When Microsoft went public more than 10,000 stock-owning employees became millionaires overnight. Something similar could have happened with Istock.
« Last Edit: November 23, 2011, 16:47 by gostwyck »

lagereek

« Reply #157 on: November 23, 2011, 16:43 »
0
Bruce genuinly believed that selling to Getty was the best way to take the company global. Getty had the international offices, the international CV, experience and contacts with big budget clients. And he negotiated the famous "quit your day job" offer that brought House contracts to high ranking istock exclusives. I am one of the many grateful contributors who got one. The offer was independent of style of portfolio, you just had to be at the right level to get in.

He did lead the company for another 3 (?) years and then moved on, took a break, bought a nice house and certainly enjoys his money. But then he took on a similar job at Saatchionline and is now promoting a marketplace for non commercial art. Again he is so successful at online marketing, that when I google my name the first thing that shows is my Saatchiportfolio with 20 images and not my istock portfolio with 3000+

He genuinly loves interacting with artists and is an excellent communicator and leader.

Whatever is happening now, is not his fault. Getty owns the istock marketplace and it is their responsibility to grow the business. I keep hearing people who blame Bruce for "leaving them", but again, the current managers at istock or Getty are responsible for what is going on now.

And since we dont have any numbers, it is entirely possible that with the focus on high end content that maybe istock is more profitable now than a year ago, who knows?

It just doesnt seem to trickle down to the artist like it used to.

Why did Livingstone 'have' to sell out to Getty "to take the company global"? Gates didn't sell Microstock to IBM to take them global ... Jobs didn't sell Apple ... Dyson didn't sell out to Hoover ... etc, etc, etc.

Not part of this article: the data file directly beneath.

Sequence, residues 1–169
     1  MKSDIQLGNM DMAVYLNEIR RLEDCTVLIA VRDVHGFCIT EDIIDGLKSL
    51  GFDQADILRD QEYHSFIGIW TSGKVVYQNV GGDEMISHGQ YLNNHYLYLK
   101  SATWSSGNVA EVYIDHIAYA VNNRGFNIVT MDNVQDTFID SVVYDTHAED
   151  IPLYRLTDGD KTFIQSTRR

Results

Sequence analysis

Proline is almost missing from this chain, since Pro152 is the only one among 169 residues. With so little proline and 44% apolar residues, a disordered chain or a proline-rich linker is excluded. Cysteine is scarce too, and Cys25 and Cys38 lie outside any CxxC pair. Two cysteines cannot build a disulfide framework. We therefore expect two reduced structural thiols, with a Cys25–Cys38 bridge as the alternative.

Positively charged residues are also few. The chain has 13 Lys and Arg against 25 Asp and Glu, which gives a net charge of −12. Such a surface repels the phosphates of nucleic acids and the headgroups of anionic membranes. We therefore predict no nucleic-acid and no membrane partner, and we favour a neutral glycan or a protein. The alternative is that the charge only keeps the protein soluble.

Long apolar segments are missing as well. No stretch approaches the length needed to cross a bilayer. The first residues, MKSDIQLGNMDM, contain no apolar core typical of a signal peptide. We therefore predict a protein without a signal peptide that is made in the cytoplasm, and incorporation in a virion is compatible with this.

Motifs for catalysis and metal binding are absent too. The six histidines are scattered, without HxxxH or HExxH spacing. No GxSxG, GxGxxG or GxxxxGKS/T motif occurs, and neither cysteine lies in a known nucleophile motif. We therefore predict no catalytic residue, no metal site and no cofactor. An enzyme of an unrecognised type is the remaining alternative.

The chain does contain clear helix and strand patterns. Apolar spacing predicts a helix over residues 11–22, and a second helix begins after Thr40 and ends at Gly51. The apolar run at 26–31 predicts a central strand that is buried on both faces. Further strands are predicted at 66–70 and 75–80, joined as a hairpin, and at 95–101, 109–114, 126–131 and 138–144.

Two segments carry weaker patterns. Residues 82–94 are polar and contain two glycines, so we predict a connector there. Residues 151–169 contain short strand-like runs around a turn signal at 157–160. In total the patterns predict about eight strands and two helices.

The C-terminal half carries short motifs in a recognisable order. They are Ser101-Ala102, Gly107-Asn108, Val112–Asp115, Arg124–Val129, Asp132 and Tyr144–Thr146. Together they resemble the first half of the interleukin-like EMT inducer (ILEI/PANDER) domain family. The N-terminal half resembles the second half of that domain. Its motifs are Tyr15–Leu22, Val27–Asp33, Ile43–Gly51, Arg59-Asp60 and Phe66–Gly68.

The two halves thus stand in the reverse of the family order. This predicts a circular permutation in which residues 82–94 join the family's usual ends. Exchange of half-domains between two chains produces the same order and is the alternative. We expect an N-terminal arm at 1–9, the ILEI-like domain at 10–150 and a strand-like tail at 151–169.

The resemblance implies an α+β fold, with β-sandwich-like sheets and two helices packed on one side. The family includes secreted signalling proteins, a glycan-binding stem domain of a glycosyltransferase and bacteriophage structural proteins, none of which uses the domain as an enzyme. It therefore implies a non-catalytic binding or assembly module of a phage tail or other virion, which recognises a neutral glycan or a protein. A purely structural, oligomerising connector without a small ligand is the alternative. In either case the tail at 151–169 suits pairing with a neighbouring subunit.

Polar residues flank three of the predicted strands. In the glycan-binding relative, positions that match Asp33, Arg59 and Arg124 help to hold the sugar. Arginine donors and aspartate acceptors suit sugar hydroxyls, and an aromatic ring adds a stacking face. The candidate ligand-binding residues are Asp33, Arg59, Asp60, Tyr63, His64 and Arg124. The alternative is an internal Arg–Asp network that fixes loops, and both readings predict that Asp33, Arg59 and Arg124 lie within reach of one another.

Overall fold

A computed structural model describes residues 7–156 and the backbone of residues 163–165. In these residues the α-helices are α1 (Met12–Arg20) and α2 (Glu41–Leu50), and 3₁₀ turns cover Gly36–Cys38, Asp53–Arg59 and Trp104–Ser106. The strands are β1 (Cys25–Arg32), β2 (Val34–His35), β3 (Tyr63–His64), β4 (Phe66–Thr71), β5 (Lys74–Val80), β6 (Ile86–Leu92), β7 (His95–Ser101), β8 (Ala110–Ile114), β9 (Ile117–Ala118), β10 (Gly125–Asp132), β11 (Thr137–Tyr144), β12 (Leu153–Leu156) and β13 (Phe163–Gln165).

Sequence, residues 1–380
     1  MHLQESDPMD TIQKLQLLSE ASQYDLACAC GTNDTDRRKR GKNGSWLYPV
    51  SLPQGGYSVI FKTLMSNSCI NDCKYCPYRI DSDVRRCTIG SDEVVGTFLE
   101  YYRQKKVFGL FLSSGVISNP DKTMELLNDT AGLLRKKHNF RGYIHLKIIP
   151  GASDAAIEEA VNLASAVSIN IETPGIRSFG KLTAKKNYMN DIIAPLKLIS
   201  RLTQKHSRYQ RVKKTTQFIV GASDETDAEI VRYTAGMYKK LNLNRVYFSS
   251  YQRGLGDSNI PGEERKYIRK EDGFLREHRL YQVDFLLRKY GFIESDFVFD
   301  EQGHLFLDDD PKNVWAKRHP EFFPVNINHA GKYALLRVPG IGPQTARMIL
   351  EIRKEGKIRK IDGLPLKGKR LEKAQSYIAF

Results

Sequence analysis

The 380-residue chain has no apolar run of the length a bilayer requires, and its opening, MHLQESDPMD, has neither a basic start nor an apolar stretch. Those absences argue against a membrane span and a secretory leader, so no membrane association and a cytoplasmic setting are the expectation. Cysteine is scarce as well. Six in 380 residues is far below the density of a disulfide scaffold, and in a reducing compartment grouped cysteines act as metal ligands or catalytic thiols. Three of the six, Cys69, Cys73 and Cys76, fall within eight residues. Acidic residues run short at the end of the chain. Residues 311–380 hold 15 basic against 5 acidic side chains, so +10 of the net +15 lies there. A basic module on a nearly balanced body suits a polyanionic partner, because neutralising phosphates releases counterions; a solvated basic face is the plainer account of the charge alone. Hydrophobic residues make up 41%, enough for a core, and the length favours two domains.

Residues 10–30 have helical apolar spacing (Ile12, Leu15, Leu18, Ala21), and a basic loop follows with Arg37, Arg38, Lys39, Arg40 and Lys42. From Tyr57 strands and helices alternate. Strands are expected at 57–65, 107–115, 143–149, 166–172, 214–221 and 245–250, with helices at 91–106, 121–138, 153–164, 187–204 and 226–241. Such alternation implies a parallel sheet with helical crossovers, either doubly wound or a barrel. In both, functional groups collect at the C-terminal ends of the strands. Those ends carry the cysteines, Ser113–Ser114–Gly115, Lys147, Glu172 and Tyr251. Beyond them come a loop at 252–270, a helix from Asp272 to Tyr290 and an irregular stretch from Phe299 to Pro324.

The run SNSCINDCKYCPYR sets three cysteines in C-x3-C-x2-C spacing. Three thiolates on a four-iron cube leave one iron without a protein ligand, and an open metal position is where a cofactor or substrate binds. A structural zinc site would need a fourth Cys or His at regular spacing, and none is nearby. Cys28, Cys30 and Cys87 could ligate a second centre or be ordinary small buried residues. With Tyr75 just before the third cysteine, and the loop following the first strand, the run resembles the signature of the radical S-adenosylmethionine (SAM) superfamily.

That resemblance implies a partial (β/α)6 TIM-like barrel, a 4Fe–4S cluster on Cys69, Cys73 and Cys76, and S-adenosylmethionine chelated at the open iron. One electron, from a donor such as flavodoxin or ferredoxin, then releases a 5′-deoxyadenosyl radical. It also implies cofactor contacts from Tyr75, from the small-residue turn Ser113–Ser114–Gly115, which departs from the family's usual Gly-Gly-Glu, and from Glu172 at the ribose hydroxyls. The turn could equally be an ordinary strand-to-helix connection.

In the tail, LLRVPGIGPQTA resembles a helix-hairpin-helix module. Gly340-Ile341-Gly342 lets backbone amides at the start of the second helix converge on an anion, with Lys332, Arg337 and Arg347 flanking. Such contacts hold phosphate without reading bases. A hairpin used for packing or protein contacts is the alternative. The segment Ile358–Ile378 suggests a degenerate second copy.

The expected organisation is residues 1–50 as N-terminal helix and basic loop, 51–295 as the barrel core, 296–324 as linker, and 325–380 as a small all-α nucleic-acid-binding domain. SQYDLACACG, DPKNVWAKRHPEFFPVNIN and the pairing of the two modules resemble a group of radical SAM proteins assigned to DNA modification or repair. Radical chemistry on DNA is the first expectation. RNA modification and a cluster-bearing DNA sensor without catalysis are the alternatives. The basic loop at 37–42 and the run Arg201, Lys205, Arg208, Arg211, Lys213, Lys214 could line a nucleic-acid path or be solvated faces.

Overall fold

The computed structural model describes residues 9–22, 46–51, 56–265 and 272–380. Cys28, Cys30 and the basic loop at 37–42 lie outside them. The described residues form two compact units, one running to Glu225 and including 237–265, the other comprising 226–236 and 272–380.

Istock was on the f**king internet. It already was 'global'. They had customers all over the world __ that's what 'global' means.

Warren Buffett once observed "I try to buy stock in businesses that are so wonderful that an idiot can run them. Because sooner or later, one will." Istock in 2006 was just such a business. Almost anyone could have run it ... and continued to have taken it 'global'.

The 'global' bit was just a cheap excuse because Livingstone couldn't bring himself to tell the truth ... that he sold his company and also the futures of the contributors who helped to build it, for a tiny fraction of what they were worth.

Imagine a world how it could have been. A true visionary (or anyone with some balls), who really did care about the content providers, might have done things totally differently.

Imagine if Istock had offered 50% commission for exclusivity to any contributor, irrespective of canister level. If that had happened then DT, CanStockPhoto and SS would have been killed off almost before they had started. Istock could have enjoyed the same sort of  total dominance of their industry that Microsoft have done for 20 years. It would have been almost impossible to unseat them from such a position provided they simply kept their contributors happy. What would have been the best way to do that? Allow them to invest in the business. I'm quite sure that hundreds if not thousands of contributors in those days would have been more than happy to have had their entire commissions converted into IS stock. Many (including myself) would have been very happy to have invested more money directly.

With no competition Istock by now would be huge. It could have raised prices even faster and higher than they did. It might well have had annual sales of $700+ and be worth $2B. When the time was right it could have gone public making far more money for Bruce and millions for the contributors too.

When Microsoft went public more than 10,000 stock-owning employees became millionaires overnight. Something similar could have happened with Istock.

I hate to think it! but you could actually be too bloody right on this one.

wut

« Reply #158 on: November 23, 2011, 17:05 »
0
Bruce genuinly believed that selling to Getty was the best way to take the company global. Getty had the international offices, the international CV, experience and contacts with big budget clients. And he negotiated the famous "quit your day job" offer that brought House contracts to high ranking istock exclusives. I am one of the many grateful contributors who got one. The offer was independent of style of portfolio, you just had to be at the right level to get in.

He did lead the company for another 3 (?) years and then moved on, took a break, bought a nice house and certainly enjoys his money. But then he took on a similar job at Saatchionline and is now promoting a marketplace for non commercial art. Again he is so successful at online marketing, that when I google my name the first thing that shows is my Saatchiportfolio with 20 images and not my istock portfolio with 3000+